Agencies

[Federal Register Volume 72, Number 123 (Wednesday, June 27, 2007)]
[Proposed Rules]
[Pages 35346-35347]
From the Federal Register Online via the Government Printing Office [www.gpo.gov]
[FR Doc No: E7-12300]



[[Page 35345]]

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Part IV





Securities and Exchange Commission





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17 CFR Parts 210 and 240



Definition of a Significant Deficiency; Proposed Rule

Federal Register / Vol. 72, No. 123 / Wednesday, June 27, 2007 / 
Proposed Rules

[[Page 35346]]


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SECURITIES AND EXCHANGE COMMISSION

17 CFR Parts 210 and 240

[Release Nos. 33-8811; 34-55930; File No. S7-24-06]
RIN 3235-AJ58


Definition of a Significant Deficiency

AGENCY: Securities and Exchange Commission.

ACTION: Request for additional comment.

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SUMMARY: We are requesting additional comment on the definition of the 
term ``significant deficiency.'' Because this term is used in the 
Commission's rules implementing Section 302 and Section 404 of the 
Sarbanes-Oxley Act, we believe that a definition of this term should 
also be in the Commission's rules, in addition to being in the auditing 
standards.

DATES: Comment Date: Comments should be received on or before July 18, 
2007.

ADDRESSES: Comments may be submitted by any of the following methods:

Electronic Comments

     Use the Commission's Internet comment form (http://
www.sec.gov/rules/proposed.shtml); or
     Send an e-mail to rule-comments@sec.gov. Please include 
File Number S7-24-06 on the subject line; or
     Use the Federal eRulemaking Portal (http://
www.regulations.gov). Follow the instructions for submitting comments.

Paper Comments

     Send paper comments in triplicate to Nancy M. Morris, 
Secretary, Securities and Exchange Commission, 100 F Street, NE., 
Washington, DC 20549-1090.

All submissions should refer to File Number S7-24-06. This file number 
should be included on the subject line if e-mail is used. To help us 
process and review your comments more efficiently, please use only one 
method. The Commission will post all comments on the Commission's 
Internet Web site at (http://www.sec.gov/rules/proposed.shtml). 
Comments are also available for public inspection and copying in the 
Commission's Public Reference Room, 100 F Street, NE., Washington, DC 
20549. All comments received will be posted without change; we do not 
edit personal identifying information from submissions. You should 
submit only information that you wish to make available publicly.

FOR FURTHER INFORMATION CONTACT: N. Sean Harrison, Special Counsel, 
Division of Corporation Finance, at (202) 551-3430, or Josh K. Jones, 
Professional Accounting Fellow, Office of the Chief Accountant, at 
(202) 551-5300, U.S. Securities and Exchange Commission, 100 F Street, 
NE., Washington, DC 20549.

SUPPLEMENTARY INFORMATION: We are soliciting additional comment on Rule 
12b-2\1\ under the Securities Exchange Act of 1934 (the ``Exchange 
Act'') \2\ and Rule 1-02 \3\ of Regulation S-X.\4\
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    \1\ 17 CFR 240.12b-2.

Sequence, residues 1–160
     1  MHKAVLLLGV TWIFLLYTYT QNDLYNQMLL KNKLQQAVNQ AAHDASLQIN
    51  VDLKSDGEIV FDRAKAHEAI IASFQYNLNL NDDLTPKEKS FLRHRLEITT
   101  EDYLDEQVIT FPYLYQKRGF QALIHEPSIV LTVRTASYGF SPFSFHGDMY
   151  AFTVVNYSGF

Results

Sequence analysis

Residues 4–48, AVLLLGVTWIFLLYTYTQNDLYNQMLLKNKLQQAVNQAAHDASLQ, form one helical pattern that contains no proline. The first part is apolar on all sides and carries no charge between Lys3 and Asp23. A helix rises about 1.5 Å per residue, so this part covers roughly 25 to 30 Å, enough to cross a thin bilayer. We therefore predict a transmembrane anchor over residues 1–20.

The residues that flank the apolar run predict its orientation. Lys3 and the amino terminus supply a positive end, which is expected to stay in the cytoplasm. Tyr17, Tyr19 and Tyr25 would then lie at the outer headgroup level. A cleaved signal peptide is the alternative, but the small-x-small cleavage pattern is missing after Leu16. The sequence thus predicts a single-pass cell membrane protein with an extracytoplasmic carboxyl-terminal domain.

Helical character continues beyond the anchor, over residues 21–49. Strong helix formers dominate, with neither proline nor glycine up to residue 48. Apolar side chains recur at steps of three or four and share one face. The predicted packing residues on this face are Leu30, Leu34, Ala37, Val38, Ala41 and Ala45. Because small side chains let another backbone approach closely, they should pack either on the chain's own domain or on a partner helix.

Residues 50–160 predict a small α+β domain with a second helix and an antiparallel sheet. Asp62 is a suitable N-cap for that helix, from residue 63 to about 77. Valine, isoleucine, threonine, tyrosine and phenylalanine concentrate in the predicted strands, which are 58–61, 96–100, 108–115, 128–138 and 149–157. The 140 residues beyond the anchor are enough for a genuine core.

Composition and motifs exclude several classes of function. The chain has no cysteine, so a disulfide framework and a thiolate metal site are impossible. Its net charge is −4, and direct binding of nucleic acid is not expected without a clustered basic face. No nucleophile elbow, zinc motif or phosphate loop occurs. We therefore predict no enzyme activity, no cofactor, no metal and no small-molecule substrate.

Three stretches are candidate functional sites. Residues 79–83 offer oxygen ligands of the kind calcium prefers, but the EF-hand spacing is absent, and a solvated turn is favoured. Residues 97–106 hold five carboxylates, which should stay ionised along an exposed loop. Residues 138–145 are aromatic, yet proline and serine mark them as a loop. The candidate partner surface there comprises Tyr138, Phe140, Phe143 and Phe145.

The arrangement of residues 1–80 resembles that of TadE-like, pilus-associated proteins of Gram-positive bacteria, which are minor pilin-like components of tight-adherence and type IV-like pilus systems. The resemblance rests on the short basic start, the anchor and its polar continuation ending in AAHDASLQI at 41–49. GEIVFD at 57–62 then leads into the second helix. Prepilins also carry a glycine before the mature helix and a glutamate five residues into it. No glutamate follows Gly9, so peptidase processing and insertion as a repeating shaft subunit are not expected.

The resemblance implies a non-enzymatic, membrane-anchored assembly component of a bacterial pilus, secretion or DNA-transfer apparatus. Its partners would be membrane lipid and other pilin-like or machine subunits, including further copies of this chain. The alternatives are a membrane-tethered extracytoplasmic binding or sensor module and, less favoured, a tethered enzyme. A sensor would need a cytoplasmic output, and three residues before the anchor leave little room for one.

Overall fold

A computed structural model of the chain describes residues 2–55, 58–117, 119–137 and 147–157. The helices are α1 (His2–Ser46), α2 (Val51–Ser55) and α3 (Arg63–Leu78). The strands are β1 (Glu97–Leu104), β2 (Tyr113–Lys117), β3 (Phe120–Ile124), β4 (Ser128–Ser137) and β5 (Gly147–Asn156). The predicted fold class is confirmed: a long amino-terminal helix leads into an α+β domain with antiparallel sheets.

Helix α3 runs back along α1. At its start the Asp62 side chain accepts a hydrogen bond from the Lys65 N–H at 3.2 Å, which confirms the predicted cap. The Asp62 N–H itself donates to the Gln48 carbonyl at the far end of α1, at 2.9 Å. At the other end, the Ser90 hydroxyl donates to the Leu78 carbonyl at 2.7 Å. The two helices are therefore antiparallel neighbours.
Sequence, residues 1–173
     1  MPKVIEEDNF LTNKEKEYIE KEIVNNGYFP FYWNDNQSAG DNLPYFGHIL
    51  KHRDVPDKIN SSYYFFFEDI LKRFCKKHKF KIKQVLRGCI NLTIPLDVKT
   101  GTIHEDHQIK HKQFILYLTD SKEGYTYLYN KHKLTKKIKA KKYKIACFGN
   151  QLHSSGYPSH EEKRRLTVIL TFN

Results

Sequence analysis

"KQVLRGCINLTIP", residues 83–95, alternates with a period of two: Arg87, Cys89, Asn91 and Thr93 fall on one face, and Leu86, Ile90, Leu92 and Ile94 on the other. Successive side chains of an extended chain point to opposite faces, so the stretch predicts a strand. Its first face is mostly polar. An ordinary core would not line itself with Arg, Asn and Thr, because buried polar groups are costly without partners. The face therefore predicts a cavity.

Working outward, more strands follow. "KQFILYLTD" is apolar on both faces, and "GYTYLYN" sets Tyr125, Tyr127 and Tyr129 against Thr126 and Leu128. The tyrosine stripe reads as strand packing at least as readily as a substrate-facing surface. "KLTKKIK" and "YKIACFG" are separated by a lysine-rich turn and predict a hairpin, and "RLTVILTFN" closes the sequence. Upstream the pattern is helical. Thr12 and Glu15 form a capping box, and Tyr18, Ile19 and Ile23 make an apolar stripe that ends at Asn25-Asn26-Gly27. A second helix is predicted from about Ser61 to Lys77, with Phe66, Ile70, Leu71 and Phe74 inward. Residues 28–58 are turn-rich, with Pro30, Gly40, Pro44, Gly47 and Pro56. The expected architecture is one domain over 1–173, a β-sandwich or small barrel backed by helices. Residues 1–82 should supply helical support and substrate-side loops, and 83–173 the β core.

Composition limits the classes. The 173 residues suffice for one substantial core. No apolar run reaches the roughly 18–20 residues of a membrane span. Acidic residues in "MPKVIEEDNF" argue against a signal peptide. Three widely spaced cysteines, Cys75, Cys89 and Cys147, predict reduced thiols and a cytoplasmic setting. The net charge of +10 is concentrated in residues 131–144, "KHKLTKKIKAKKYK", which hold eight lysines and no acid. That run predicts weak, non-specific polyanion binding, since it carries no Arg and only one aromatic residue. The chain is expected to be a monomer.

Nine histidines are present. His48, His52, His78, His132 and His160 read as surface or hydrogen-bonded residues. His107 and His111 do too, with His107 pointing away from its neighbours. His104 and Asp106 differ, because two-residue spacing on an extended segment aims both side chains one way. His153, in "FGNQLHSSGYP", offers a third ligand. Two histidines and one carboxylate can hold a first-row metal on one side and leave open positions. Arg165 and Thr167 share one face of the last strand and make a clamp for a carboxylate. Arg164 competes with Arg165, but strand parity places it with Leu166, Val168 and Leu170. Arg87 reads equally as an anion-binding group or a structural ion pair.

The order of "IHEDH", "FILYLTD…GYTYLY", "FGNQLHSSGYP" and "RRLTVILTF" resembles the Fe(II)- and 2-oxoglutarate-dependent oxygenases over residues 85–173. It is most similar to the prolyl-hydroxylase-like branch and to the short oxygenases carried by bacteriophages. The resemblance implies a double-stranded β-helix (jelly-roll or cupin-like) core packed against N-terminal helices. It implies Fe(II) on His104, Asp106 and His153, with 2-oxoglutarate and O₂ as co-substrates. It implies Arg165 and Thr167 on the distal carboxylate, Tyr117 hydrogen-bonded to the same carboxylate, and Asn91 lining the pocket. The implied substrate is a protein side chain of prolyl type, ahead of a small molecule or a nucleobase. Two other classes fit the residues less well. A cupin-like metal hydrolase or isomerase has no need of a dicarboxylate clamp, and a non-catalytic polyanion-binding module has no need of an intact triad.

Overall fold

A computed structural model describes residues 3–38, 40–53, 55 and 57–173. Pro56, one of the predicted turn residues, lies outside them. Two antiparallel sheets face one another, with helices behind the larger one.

\2\ 15 U.S.C. 78a et seq.
    \3\ 17 CFR 210.1-02.
    \4\ 17 CFR 210.1-01 et seq.
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I. Background

    The Commission's rules implementing the requirements of the 
Sarbanes-Oxley Act of 2002 (``Sarbanes-Oxley'')\5\ require management 
to disclose to both the audit committee and the external auditor all 
``material weaknesses'' and ``significant deficiencies'' identified 
based upon management's evaluation.\6\ In adopting rules to implement 
these sections of Sarbanes-Oxley, the Commission indicated that these 
terms had the same meaning for purposes of the Commission's rules as 
they had under generally accepted auditing standards and therefore, did 
not specifically define them. Subsequent to the Commission's adoption 
of rules implementing Sections 302 and 404 of Sarbanes-Oxley, the 
Public Company Accounting Oversight Board (``PCAOB'') adopted Auditing 
Standard No. 2,\7\ which revised these definitions. Since the 
Commission's intention in the Adopting Release was to refer to the 
definition used by auditors of public companies, the Commission staff 
issued an interpretation indicating that the PCAOB's definition of 
these terms would apply to the Section 404 rules issued by the 
Commission.\8\
---------------------------------------------------------------------------

    \5\ 15 U.S.C. 7262.
    \6\ Release No. 33-8238 (Jun. 5, 2003) [68 FR 36636, Jun. 18, 
2003], referred to herein as the ``Adopting Release.''
    \7\ An Audit of Internal Control Over Financial Reporting 
Performed in Conjunction With an Audit of Financial Statements.
    \8\ See, for example, question 13 of Office of the Chief 
Accountant and Division of Corporation Finance: Management's Report 
on Internal Control Over Financial Reporting and Certification of 
Disclosure in Exchange Act Periodic Reports Frequently Asked 
Questions (revised Oct. 6, 2004), available at http://www.sec.gov/
info/accountants/controlfaq1004.htm.
---------------------------------------------------------------------------

    More recently, as part of the Commission's project providing more